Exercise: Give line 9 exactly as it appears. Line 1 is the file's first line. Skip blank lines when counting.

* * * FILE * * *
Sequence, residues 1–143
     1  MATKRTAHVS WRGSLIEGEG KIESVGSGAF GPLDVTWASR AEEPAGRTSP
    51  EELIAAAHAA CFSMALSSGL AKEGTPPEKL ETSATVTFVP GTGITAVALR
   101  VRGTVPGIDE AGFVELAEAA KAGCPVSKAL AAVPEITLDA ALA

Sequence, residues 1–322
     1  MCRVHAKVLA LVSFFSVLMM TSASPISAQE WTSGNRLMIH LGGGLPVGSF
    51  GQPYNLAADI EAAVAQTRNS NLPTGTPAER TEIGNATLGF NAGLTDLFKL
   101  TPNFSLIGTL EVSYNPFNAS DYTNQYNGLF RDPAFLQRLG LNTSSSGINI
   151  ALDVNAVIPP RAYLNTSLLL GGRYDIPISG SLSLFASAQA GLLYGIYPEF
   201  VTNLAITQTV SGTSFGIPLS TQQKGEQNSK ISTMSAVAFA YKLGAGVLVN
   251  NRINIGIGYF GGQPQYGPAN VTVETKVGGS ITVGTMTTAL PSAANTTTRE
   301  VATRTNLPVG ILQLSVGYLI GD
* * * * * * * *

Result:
   151  ALDVNAVIPP RAYLNTSLLL GGRYDIPISG SLSLFASAQA GLLYGIYPEF